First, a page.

Great Expectations: Tips for a Healthy Family Law Practice
Lisa Shapson, The Legal Intelligencer (online)
There is a lot on the Internet and social media about healthy relationship splits and mediation, but what about the attorney in the middle of all this? How do we, as lawyers, keep our sanity without wearing our clients’ struggles on our sleeves, especially with the brutal topics of ending a relationship, dividing property, custody of children and domestic violence?
Here is a list of best practices that, if followed, will enable you to have a healthy practice, regardless of the conflict levels in your cases.
During the initial consultation:
- Give it to them straight. Set the tone with clients up front. Make sure clients know which goals are attainable and which are unrealistic. Explain the law and how it applies to their case, but don’t sugarcoat it. So the saying goes, “It is what it is.” Clients need forthright honesty from you, even if you think it is something they do not want to hear.
- Set expectations. When giving clients an estimated budget, remind them that they can help keep some fees to a minimum. Clients should provide all requested documentation needed to help you represent them effectively. They should always keep their current contact information up-to-date—some family law clients move several times throughout the case—and be responsive to emails and phone calls.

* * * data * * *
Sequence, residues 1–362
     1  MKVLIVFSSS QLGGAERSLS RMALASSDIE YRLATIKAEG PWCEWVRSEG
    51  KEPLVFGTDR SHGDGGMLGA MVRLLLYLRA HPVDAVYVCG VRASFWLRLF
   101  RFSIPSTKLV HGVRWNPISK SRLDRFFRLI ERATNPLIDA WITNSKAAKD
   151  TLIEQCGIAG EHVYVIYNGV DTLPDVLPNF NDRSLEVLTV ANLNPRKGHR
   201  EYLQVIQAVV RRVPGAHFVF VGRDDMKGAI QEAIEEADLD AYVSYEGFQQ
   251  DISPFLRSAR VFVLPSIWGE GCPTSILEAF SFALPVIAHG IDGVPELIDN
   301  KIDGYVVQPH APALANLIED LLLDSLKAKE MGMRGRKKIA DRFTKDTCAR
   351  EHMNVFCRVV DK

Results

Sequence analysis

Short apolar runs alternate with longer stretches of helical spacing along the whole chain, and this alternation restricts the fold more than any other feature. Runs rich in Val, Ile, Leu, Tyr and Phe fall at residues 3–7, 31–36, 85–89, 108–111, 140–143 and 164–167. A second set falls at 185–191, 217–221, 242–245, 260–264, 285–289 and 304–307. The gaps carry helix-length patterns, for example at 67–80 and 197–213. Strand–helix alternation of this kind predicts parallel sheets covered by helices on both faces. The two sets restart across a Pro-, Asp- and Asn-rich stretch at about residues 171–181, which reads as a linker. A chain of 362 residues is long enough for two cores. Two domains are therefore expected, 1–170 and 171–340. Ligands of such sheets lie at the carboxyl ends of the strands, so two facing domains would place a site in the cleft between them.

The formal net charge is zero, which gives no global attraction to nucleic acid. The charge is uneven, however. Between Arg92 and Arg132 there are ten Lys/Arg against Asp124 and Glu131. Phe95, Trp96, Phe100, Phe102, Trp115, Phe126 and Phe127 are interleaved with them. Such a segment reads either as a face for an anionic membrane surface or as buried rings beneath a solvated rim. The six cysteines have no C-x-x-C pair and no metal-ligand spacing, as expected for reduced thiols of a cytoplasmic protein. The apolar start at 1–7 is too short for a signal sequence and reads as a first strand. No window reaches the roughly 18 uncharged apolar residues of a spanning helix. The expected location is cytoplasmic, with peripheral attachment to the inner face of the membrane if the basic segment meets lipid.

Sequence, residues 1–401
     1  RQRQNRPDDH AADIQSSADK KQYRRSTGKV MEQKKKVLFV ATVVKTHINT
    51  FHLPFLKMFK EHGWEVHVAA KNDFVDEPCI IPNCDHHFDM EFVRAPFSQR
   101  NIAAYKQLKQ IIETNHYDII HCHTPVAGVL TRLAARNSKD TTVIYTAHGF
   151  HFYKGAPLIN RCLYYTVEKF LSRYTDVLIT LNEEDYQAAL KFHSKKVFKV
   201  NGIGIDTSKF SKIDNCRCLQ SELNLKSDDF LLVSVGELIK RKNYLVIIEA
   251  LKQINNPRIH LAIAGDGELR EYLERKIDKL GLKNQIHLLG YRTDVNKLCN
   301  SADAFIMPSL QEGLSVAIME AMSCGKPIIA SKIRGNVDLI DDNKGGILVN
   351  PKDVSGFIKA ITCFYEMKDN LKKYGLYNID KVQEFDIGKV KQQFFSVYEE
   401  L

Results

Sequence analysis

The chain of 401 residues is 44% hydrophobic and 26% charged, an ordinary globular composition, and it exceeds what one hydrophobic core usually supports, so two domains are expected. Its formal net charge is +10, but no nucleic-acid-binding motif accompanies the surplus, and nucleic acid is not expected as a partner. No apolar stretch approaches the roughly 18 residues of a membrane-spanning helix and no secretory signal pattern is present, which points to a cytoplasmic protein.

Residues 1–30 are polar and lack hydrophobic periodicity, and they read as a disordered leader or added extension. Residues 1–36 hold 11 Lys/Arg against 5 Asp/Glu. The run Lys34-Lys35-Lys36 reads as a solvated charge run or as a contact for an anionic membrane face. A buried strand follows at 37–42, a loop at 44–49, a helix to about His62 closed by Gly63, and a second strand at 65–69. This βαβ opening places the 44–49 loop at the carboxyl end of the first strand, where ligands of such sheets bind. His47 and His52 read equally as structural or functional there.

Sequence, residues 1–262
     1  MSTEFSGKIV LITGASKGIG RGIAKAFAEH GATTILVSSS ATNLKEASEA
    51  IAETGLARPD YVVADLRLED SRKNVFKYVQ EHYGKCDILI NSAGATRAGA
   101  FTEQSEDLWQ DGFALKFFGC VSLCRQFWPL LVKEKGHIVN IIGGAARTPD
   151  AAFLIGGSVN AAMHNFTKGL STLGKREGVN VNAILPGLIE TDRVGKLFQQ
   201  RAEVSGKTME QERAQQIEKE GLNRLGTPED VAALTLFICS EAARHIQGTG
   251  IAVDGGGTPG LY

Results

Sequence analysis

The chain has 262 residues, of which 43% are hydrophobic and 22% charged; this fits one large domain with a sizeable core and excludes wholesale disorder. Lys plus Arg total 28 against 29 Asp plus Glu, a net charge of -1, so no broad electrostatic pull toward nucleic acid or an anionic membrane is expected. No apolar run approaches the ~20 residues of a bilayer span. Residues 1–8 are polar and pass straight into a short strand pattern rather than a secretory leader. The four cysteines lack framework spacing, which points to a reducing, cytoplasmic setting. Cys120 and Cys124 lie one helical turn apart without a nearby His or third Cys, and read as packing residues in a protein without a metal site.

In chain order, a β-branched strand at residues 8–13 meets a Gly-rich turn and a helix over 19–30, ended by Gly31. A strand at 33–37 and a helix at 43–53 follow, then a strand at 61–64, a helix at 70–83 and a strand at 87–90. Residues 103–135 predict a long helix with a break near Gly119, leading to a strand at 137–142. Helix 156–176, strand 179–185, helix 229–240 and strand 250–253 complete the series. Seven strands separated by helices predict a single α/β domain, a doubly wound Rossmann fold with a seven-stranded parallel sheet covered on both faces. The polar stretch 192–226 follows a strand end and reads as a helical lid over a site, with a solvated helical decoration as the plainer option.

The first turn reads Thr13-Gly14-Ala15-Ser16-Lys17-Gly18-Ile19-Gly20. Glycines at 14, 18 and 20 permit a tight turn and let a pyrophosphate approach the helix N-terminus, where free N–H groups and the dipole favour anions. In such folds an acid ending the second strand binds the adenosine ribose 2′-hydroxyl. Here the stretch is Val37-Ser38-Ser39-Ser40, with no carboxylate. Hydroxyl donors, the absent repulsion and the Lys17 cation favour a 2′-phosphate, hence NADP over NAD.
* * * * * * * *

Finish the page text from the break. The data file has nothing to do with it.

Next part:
- Advise of your expectations. This is a step many attorneys do not take even though they should. The majority of family law clients have never hired an attorney before. It is important to provide instructions for their new relationship with you. For example, I make it a point to advise clients that I am only available in the office from 8 a.m. until 3 p.m. daily due to child care responsibilities. I also inform them that my cellphone is private and that email is something I do not read on weekends. I reiterate that I am available every workday unless I am in court and that I return telephone calls and emails within 24 hours except over weekends.